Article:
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Subject: Re: Oct 20 minutes
From: Hans Boehm (boehm_at_[hidden])
Date: 2020-10-21 18:18:40

To be concrete, if we want single-word reads ("word" defined as anything
that can be read atomically) to be as cheap as possible in an
HTM-with-SGL-as-fallback setting, I think the following should work:

1) HTM transactions are implemented as usual, with no additional overhead.
2) Fallback SGL transactions increment a version counter at the beginning
and the end.
3) Single word reads read the version counter before and after, making sure
they're the same and even.

I think this has the following properties:
1) It doesn't work for general read-only transactions, since an HTM
transaction occurring between two reads isn't detected.
2) It's correct for single-word reads.
3) It's implementable with local information: All fallbacks to the SGL
would unconditionally increment a single global counter twice. If we detect
that a transaction consists of a single word read, we use this
implementation instead of the HTM one.
4) The only runtime costs relative to what Michael Scott had hoped for are:
 - The fallback is slightly more expensive, since we need to increment the
counter twice (while holding SGL, hence nonatomically). On non-x86
architectures, there may be fences in the fallback.
 - The single-word reads take three loads instead of one. Unless HTM fails,
two of those should pretty much always be L1 cache hits. On non-x86,
ordering constraints may be required. At least on x86, I think adjacent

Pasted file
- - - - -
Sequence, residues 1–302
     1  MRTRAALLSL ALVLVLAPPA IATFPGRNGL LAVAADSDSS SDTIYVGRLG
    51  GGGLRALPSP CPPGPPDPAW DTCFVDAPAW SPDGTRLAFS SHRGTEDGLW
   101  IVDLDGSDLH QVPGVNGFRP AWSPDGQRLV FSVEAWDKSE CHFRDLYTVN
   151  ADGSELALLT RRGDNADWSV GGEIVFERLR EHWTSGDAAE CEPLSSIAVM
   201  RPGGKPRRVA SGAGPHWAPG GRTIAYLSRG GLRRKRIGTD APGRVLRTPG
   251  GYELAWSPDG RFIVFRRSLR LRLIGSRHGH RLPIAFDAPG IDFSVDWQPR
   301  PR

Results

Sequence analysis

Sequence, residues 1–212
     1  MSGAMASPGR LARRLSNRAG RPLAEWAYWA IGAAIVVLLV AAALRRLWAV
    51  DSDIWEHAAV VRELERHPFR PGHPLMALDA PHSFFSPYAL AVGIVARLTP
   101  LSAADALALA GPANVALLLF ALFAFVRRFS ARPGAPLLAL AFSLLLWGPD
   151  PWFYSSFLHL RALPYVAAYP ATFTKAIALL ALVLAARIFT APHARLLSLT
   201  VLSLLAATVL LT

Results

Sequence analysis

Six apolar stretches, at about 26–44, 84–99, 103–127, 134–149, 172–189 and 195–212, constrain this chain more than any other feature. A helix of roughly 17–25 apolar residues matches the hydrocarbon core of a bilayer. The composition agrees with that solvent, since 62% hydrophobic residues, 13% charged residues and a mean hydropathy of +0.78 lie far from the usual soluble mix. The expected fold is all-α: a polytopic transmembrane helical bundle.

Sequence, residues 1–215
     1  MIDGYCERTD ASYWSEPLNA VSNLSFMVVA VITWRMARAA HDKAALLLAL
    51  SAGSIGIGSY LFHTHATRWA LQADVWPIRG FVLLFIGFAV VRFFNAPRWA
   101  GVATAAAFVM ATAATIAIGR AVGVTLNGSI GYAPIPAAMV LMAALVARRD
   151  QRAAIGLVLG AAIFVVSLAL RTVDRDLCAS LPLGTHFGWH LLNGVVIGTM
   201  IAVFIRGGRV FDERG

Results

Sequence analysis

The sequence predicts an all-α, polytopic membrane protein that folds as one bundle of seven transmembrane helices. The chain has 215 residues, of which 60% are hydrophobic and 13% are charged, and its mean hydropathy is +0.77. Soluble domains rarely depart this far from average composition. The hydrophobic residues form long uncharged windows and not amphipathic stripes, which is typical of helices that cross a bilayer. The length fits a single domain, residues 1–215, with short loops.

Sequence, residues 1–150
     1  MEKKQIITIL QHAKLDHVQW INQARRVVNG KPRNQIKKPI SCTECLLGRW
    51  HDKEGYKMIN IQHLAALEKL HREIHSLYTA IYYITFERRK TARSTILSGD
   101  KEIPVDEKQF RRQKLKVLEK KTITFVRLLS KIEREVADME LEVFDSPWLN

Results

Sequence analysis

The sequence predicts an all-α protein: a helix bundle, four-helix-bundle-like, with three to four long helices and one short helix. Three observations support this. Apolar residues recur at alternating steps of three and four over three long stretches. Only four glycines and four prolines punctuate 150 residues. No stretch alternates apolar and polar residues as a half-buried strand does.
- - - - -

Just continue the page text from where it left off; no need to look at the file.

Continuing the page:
single-word load transactions can be combined to share the version reading
5) Thus in the absence of fallback, and on x86, this should only be a
little less efficient than what Michael originally wanted, with a bit more,
but still local and non-heroic, optimization effort.

I think in this single-read case, memory management is basically the
programmer's problem either way, right?

I'm still inclined to agree that we want to allow allocation in
transactions. But I think the restrictive proposal is actually not that
much less useful than we originally thought; it just requires a bit more
implementation work to make it useful in the way Michael wanted.


On Wed, Oct 21, 2020 at 1:49 PM Michael Spear <mfs409_at_[hidden]> wrote:

> Hi Hans,
> I don't know if anyone has explored (1). There's work on (2) that Michael
> and I were involved in [EUROPAR 10] and also in the gcc compiler (one of
> their 'gl' implementations). The difficult part (as always, it seems) is
> coordinating speculative reads with the possibility of concurrent memory
> reclamation. It's not insurmountable, but it leads to sub-optimal
> performance.
> - Mike
> On Wed, Oct 21, 2020 at 4:36 PM Hans Boehm <boehm_at_[hidden]> wrote:
>> It also occurred to me later that the single lock fallback was going to
>> be a problem. Unfortunate.
>> I think that if we add a version counter: